After dinner I expected a quiet conversation with the dean when we would discuss the solemn responsibilities facing him, just the dean and I, like priest-penitent. Instead, still sitting at the head of the table he asked: "Father, we were planning to play some cards. Would you care to join us?" Now for those unfamiliar with clergy etiquette, let me share with you that this is not usual HAVING FATHER TO DINNER routine. But I was having a great time and while I said I would be delighted I quickly took mental stock of how much money I had brought, whether I remembered poker rules from college, and whether it would be polite to win. Or maybe I would lose? Perhaps this was the start of the dean's fund raising efforts.
The youngest of the Kmiec children, twin girls about to enter the seventh grade and possessing more personality than the April Cherry Blossom parade, produced the playing cards, a scoring pad and the rules. This was not to be poker. Instead we were to make words with letters on the cards and each letter had a different number; weird letters had higher numbers and thus a higher score. Wow! I thought, I may lose this! This was a family that had just analyzed the recent Supreme Court decisions that day; I did not see a television anywhere; where was the pervasive music that engulfed every California event; I wonder if they will let me use Latin words. We started.

I think the dean got the first word, some arcane word that he probably read during a snow storm in Indiana. I should have challenged. But the oldest Kmiec child, one now in his first year of law school in California seemed stumped and the dean's wife kept shuffling her cards back and forth. There was hope for me. Maybe. Just then I hear a voice. The second Kmiec child, a daughter who works outside Los Angeles in corporate communications whispered a word in my ear which incorporated most of my cards. Hey! She was looking at my hand. But she was right and it was my turn and I was on the map with a respectable word and lots of points. The kindness of strangers! It became apparent to me that cards at the Kmiecs was not about winning, it was about having a good time and the best news is that I won. I would like to say that I beat everyone, but that is not true. The eldest Kmiec child asked to be excused in the middle of the game so he could greet high tide across the street surfing in the Pacific. Just wait until he comes home next summer for August in Washington.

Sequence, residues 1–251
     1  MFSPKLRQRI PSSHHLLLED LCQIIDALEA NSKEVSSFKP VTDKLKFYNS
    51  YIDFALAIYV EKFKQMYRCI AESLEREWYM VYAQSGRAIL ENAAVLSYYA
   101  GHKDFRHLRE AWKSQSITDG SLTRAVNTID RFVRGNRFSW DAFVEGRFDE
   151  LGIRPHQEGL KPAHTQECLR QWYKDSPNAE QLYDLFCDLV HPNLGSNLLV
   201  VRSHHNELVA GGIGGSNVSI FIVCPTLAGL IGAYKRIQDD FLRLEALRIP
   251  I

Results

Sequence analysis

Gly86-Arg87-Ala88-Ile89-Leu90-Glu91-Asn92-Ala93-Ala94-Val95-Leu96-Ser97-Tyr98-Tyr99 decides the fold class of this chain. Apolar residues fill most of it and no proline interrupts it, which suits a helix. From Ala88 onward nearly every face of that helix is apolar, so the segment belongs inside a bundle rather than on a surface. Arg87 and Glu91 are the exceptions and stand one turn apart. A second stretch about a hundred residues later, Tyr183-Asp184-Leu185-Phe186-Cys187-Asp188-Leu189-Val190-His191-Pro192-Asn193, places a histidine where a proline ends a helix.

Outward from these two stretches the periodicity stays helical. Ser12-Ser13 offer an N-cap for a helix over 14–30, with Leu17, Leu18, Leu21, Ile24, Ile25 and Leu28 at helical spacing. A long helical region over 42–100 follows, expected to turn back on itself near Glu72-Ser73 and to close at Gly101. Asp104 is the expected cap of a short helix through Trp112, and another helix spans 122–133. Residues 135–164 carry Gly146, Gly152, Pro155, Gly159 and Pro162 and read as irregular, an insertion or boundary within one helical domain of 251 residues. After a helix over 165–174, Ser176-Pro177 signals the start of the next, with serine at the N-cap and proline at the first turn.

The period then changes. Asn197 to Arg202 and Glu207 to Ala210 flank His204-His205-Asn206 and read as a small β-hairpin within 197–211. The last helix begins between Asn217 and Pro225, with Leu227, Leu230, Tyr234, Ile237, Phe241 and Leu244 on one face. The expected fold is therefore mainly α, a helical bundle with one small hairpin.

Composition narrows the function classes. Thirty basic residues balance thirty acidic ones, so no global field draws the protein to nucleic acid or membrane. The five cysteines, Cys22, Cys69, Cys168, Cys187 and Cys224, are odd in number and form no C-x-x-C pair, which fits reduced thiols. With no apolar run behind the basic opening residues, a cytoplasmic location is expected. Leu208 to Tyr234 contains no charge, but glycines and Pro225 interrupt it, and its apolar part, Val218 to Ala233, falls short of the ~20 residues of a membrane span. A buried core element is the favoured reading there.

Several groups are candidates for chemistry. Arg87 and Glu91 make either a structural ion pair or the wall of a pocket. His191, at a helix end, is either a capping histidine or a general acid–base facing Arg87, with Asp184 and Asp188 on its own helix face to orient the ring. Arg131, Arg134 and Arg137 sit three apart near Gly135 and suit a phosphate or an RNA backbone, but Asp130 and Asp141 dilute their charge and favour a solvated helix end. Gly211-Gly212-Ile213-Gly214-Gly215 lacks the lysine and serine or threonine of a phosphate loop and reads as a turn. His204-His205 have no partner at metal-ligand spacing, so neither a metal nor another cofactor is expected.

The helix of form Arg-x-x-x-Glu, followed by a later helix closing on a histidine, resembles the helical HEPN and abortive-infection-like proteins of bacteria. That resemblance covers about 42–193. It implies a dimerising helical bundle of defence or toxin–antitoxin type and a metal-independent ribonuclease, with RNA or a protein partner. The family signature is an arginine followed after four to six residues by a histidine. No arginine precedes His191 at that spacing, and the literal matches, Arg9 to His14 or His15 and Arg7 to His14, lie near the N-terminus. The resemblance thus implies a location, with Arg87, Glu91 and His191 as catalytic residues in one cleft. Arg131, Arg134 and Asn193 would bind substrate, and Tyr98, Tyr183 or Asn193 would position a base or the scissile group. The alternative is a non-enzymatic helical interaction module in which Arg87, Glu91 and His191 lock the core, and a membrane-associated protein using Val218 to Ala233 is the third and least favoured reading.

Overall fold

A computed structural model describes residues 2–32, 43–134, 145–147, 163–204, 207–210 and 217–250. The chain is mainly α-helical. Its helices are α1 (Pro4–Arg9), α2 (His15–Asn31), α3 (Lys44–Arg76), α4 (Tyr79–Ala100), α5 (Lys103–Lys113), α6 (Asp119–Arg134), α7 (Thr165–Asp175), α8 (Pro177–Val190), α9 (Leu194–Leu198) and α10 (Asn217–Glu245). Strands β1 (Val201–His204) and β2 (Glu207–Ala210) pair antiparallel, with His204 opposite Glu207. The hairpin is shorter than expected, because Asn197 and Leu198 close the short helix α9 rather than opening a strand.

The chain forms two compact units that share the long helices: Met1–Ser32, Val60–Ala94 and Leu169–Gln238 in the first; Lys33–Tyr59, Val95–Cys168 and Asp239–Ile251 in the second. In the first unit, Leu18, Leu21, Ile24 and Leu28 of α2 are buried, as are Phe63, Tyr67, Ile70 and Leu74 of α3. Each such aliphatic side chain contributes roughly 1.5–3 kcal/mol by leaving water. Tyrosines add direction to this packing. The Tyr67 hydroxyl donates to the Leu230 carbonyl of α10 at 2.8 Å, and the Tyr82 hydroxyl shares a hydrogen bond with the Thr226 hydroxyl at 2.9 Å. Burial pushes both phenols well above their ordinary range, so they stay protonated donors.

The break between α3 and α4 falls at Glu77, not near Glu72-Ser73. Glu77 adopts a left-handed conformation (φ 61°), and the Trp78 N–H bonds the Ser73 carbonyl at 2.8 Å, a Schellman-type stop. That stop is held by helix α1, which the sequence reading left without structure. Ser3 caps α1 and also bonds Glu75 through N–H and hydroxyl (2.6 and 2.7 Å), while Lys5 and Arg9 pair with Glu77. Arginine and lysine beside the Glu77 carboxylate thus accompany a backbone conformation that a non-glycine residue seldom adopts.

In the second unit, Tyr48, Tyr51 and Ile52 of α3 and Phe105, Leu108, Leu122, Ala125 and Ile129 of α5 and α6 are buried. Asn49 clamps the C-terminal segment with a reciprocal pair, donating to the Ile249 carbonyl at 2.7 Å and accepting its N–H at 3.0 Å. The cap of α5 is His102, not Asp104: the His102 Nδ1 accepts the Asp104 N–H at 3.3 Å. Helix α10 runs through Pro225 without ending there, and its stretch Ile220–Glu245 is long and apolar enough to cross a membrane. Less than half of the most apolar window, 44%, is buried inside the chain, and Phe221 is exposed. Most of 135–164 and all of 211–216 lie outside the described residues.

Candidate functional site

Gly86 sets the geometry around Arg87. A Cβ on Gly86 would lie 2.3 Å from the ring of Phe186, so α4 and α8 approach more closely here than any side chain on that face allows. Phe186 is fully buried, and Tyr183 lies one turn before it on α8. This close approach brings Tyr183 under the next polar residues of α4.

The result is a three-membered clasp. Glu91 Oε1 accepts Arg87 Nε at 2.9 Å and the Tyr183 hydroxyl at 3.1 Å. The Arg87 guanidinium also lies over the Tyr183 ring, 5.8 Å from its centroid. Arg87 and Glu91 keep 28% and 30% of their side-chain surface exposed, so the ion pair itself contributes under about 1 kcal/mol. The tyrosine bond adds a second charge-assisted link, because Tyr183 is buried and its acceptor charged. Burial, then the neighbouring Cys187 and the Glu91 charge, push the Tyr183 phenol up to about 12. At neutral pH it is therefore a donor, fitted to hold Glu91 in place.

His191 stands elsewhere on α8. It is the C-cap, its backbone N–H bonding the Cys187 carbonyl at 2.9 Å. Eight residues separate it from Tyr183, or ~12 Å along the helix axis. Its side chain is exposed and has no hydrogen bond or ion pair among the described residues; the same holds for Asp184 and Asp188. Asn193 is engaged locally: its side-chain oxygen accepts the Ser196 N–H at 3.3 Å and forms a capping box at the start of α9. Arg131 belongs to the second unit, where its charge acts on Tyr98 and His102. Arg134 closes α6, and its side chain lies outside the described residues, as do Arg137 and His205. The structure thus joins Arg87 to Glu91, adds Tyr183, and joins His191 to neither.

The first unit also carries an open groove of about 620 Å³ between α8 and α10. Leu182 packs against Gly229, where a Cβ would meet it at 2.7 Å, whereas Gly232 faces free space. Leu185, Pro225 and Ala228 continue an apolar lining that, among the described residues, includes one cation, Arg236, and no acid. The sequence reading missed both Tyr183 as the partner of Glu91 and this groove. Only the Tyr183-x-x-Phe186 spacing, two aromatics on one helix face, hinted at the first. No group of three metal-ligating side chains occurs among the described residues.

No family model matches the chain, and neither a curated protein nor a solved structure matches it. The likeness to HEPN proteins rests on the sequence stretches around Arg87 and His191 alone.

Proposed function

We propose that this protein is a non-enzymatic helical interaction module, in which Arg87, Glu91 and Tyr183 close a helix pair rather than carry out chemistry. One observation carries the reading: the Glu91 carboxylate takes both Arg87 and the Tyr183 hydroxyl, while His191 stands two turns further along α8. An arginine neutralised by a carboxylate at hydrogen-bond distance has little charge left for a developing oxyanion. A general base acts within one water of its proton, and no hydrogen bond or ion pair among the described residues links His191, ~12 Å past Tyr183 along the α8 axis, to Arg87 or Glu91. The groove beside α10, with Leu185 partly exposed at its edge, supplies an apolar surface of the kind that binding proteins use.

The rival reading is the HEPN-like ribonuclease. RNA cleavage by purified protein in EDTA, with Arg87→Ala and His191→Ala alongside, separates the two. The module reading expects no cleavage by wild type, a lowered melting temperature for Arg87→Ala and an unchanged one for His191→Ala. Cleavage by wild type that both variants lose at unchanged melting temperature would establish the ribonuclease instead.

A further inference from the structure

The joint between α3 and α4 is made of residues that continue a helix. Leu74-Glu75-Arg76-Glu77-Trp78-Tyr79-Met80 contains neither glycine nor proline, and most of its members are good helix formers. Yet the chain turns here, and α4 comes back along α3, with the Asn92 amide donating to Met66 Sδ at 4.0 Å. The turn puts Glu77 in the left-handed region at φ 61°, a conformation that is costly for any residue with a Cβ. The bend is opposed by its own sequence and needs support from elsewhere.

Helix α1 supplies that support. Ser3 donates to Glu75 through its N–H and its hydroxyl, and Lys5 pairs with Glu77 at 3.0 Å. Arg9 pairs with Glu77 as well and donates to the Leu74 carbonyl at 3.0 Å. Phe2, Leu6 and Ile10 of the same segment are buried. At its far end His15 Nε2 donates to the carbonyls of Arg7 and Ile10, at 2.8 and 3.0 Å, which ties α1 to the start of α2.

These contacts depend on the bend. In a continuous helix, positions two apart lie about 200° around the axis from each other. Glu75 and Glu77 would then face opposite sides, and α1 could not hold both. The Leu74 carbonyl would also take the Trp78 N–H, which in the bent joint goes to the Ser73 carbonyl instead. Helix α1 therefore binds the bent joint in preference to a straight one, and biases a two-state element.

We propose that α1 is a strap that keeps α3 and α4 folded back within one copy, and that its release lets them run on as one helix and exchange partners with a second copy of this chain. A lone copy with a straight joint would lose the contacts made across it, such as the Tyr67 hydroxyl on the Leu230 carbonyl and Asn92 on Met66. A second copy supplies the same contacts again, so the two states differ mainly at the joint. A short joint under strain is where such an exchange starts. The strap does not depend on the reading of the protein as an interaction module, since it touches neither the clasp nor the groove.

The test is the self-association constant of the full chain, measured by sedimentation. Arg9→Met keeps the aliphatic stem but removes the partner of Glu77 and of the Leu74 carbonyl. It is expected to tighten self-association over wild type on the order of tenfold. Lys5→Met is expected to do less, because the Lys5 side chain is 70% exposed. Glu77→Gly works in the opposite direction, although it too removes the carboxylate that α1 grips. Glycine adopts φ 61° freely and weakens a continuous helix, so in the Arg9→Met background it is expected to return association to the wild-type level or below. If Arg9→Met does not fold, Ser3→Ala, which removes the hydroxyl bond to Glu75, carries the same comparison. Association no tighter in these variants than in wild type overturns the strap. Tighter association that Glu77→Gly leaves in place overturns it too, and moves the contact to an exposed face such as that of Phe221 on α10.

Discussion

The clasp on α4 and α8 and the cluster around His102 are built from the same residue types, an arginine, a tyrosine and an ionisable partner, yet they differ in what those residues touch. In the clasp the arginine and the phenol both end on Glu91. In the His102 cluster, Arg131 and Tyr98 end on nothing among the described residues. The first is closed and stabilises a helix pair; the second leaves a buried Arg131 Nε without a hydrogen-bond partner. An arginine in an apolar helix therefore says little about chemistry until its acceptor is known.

So now that school has started what do I think of the new dean? I now answer that question with the answer: "He has a great family." He does. I think that is the best that can be said of any person. He has come into an environment where every day is a new one and every constituency asking: "What have you done for me lately?" I am sure there will never be a decision, a speech, a class, an event which will form an indelible mark; a dean is a moving target. But he has a great family. His third oldest child, now entering into his senior high school year in Washington seemed to me the one with most to lose in the trans-continent move. But when I asked him what he thought about leaving his co-ed Malibu school for an all-boys Jesuit academy, he grinned and said: "Well, we're all going." And so true it is. So much depends on the dean. If Dean Kmiec can bring to this law school family what he has brought to the one coming from Malibu to Washington, then with all our aspirations it's going to be good because he seems to be able to make it possible to say: "We're all going."